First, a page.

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HollywoodChicago.com Hookup: 40 Pairs of Passes to ‘Now You See Me’ With Jesse Eisenberg, Isla Fisher

CHICAGO – In the latest HollywoodChicago.com Hookup: Film with our unique social giveaway technology, we have 40 pairs of movie passes up for grabs to the advance screening of the new thriller “Now You See Me” starring Jesse Eisenberg!

Film Review: Common Delivers Best Work to Date in Problematic ‘LUV’

LUV Film Review

CHICAGO – Assigned the role of World’s Worst Father Figure, Common delivers a performance so compelling that it nearly makes Sheldon Candis’ blood-soaked odyssey worth the trip. Nearly, however, is the key word. For all of it merits, this picture derails into a ditch of heavy-handed implausibility at the precise moment when it should be soaring.

Film Review: ‘The Odd Life of Timothy Green’ Misses Emotional Connection

CHICAGO – Peter Hedges’ “The Odd Life of Timothy Green” has a warm, gooey center that’s admirable in a family movie way but what’s around it can’t hold together as the lack of focus in the narrative and the rather grating performance from the young man playing its title character causes it to annoy more than entertain.

TV Review: Strong Cast Drives AMC’s Inconsistent ‘Hell on Wheels’

CHICAGO – Do you know what separates AMC from a majority of networks? The art of the ensemble. The multi-Emmy-winning casts of “Mad Men” and “Breaking Bad” are the bars against which most current dramas are measured. There were issues with some of the writing behind “The Killing” but no one ever complained about the performances. And it’s the people of “The Walking Dead” that keep it interesting.

Blu-ray Review: ‘Happy Feet Two’ Stands in Shadow of Superior Original

Happy Feet Two

CHICAGO – Pick your pun — “Happy Feet Two” stumbles, trips, and has two left feet when compared to the Academy Award-winning original. Cluttered with characters, poorly paced, and tonally inconsistent, George Miller’s follow-up to his massive hit barely registered in theaters, but comes home with a pretty strong Blu-ray release from Warner Bros.

TV News: AMC Renews ‘Hell on Wheels’ For Second Season

Hell on Wheels

CHICAGOAMC has had quite the up and down year for itself. While the basic cable network has had some behind the scenes struggles with some of its hit shows (including contract struggles for “Mad Men” and “Breaking Bad” and “The Walking Dead” showrunner Frank Darabont stepping down this past summer), the network has still had good enough ratings to renew all four of its series that ran during 2011.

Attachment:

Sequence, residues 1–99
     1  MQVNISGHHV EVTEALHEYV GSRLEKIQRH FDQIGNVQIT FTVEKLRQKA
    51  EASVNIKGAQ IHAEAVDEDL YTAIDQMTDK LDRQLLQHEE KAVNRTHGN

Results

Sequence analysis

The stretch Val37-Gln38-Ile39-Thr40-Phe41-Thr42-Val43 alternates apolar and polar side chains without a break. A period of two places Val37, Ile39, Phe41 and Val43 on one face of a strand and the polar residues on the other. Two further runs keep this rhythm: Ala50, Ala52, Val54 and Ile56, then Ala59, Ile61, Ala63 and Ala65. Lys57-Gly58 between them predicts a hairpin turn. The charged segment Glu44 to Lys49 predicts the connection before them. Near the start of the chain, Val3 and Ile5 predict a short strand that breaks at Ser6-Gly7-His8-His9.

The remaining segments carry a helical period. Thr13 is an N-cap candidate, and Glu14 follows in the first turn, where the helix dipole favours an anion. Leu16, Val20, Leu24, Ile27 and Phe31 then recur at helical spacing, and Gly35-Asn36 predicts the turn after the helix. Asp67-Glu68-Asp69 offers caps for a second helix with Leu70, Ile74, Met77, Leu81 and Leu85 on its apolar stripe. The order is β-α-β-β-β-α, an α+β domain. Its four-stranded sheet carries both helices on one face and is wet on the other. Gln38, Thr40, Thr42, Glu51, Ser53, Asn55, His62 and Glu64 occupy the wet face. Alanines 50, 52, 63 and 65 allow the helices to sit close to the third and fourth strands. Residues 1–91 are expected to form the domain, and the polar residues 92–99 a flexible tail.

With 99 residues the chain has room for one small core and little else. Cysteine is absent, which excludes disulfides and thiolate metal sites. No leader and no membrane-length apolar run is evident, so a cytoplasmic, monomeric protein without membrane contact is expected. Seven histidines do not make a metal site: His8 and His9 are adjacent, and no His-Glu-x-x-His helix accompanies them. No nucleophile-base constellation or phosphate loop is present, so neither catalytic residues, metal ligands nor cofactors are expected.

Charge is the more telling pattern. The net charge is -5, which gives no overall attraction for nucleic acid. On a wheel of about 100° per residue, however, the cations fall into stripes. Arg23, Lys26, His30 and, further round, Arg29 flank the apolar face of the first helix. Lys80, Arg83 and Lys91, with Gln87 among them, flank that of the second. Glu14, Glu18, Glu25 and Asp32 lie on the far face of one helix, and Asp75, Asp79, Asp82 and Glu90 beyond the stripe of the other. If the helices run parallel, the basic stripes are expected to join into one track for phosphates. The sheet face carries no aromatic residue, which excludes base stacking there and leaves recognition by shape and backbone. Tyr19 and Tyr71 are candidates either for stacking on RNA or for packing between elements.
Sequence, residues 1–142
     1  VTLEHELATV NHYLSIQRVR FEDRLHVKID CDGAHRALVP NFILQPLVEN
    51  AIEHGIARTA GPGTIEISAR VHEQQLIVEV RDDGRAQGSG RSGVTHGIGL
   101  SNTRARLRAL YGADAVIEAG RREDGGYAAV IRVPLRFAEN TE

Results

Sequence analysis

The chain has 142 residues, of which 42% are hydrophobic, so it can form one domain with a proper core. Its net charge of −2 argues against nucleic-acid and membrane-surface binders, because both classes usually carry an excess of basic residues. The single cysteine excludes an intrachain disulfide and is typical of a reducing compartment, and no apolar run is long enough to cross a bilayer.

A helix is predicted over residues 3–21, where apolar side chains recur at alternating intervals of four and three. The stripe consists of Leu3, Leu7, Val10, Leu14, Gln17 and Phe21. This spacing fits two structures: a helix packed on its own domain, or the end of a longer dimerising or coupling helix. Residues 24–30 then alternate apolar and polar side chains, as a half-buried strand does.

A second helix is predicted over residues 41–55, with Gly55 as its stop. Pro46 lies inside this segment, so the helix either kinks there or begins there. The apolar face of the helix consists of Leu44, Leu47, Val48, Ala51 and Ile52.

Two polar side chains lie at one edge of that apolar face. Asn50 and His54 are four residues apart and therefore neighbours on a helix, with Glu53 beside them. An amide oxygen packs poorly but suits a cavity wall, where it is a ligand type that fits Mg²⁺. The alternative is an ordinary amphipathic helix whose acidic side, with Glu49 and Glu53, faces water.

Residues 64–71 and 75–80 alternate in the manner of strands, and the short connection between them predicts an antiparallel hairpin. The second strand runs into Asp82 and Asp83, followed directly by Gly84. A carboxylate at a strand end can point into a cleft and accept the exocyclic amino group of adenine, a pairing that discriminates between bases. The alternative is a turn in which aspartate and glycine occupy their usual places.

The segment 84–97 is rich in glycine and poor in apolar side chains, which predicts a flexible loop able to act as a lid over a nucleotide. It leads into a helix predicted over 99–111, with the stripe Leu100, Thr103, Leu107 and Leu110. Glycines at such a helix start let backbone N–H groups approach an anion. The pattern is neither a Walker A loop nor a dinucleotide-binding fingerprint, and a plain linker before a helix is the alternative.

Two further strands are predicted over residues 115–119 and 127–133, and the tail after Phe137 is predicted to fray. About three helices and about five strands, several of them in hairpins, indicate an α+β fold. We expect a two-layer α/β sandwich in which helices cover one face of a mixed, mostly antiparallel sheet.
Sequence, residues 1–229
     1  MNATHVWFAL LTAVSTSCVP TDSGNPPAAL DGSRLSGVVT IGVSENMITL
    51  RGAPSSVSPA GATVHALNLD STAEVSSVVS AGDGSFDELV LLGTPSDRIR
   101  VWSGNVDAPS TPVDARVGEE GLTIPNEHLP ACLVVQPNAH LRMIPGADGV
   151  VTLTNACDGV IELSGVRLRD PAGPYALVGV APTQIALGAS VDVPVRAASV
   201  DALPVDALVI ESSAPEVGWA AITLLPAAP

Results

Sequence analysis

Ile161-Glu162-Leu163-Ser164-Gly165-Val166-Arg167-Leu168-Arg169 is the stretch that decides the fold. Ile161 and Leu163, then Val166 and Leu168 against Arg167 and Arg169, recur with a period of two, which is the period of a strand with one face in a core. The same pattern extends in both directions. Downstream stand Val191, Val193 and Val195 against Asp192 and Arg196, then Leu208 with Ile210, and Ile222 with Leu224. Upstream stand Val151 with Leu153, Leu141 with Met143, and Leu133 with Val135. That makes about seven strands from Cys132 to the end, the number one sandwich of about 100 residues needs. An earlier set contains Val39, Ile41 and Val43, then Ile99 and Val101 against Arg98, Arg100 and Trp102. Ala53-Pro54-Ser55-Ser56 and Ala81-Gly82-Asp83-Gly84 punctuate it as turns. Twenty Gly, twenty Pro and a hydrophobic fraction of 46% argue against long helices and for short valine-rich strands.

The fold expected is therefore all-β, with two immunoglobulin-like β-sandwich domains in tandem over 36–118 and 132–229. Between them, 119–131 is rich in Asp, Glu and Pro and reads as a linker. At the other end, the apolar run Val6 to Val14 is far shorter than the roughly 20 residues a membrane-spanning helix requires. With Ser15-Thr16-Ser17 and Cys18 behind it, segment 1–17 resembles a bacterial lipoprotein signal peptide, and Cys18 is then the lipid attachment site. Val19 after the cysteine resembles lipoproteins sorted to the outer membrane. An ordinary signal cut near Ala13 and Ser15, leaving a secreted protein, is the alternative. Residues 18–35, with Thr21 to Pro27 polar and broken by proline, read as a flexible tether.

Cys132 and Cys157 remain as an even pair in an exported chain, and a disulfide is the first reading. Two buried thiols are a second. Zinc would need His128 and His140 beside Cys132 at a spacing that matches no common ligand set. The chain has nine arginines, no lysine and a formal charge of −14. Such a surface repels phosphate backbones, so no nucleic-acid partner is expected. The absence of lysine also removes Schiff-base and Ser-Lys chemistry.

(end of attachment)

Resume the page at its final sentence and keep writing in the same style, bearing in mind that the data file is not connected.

Film Review: Fate Doesn’t Fail Them Now in ‘Happy Feet Two’

CHICAGO – Dancing animated penguins, a tradition dating back to Disney’s “Mary Poppins” and brought to further life in the first “Happy Feet” movie, finds more stepping pep in “Happy Feet Two.” Robin Williams and Elijah Wood return to lend their vocal talents in this enjoyable sequel.

TV Review: AMC’s Western ‘Hell on Wheels’ Dramatically Derails

CHICAGOAMC has been on such a creative streak lately that it’s tempting to think (or at least hope) that every new offering will be of the caliber of “Mad Men,” “Breaking Bad,” “The Killing,” or “The Walking Dead.”

Film Review: Hip-Hop Gets Personal in ‘Beats Rhymes & Life: The Travels of a Tribe Called Quest’

A Tribe Called Quest

CHICAGO – Fueling his passion for hip-hop, director Michael Rapaport premieres his new documentary, “Beats Rhymes & Life: The Travels of a Tribe Called Quest”. Proving that show biz never changes despite the category, this is a backstage look at the triumphs, misunderstandings, fall and rise again of the rap group “A Tribe Called Quest.”

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TV, DVD, BLU-RAY & THEATER REVIEWS

  • The King of Comedy

    Something always felt a bit out of place for me in Martin Scorsese’s brilliant “The King of Comedy”, just released on Blu-ray for the first time. I couldn’t put my finger on it but chalked it up to it being thematically ahead of its time in its investigation of the cult of personality that defines modern entertainment.

  • 47 Ronin with Keanu Reeves

    CHICAGO – If you’ve ever wondered what the difference is between a director and a producer, let “47 Ronin” explain how the hierarchy of creativity hinders the evolution of even the most straightforward-sounding pitches. “47 Ronin” is the type of samurai movie set in Japan that features native actors speaking only English, while Keanu Reeves stars as an outsider clearly plunked into the picture for stateside star power.

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